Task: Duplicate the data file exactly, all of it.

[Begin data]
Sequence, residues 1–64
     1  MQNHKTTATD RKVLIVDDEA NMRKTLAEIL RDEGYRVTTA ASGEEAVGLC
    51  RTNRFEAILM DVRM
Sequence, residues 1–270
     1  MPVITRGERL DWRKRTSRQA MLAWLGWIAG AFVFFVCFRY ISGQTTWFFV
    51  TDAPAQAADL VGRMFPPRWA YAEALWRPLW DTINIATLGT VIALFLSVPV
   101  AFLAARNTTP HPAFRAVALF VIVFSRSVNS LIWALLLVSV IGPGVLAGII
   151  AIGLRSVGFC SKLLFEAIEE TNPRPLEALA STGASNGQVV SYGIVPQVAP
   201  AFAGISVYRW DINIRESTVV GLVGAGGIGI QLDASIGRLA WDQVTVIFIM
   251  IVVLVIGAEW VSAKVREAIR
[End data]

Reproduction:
Sequence, residues 1–64
     1  MQNHKTTATD RKVLIVDDEA NMRKTLAEIL RDEGYRVTTA ASGEEAVGLC
    51  RTNRFEAILM DVRM
Sequence, residues 1–270
     1  MPVITRGERL DWRKRTSRQA MLAWLGWIAG AFVFFVCFRY ISGQTTWFFV
    51  TDAPAQAADL VGRMFPPRWA YAEALWRPLW DTINIATLGT VIALFLSVPV
   101  AFLAARNTTP HPAFRAVALF VIVFSRSVNS LIWALLLVSV IGPGVLAGII
   151  AIGLRSVGFC SKLLFEAIEE TNPRPLEALA STGASNGQVV SYGIVPQVAP
   201  AFAGISVYRW DINIRESTVV GLVGAGGIGI QLDASIGRLA WDQVTVIFIM
   251  IVVLVIGAEW VSAKVREAIR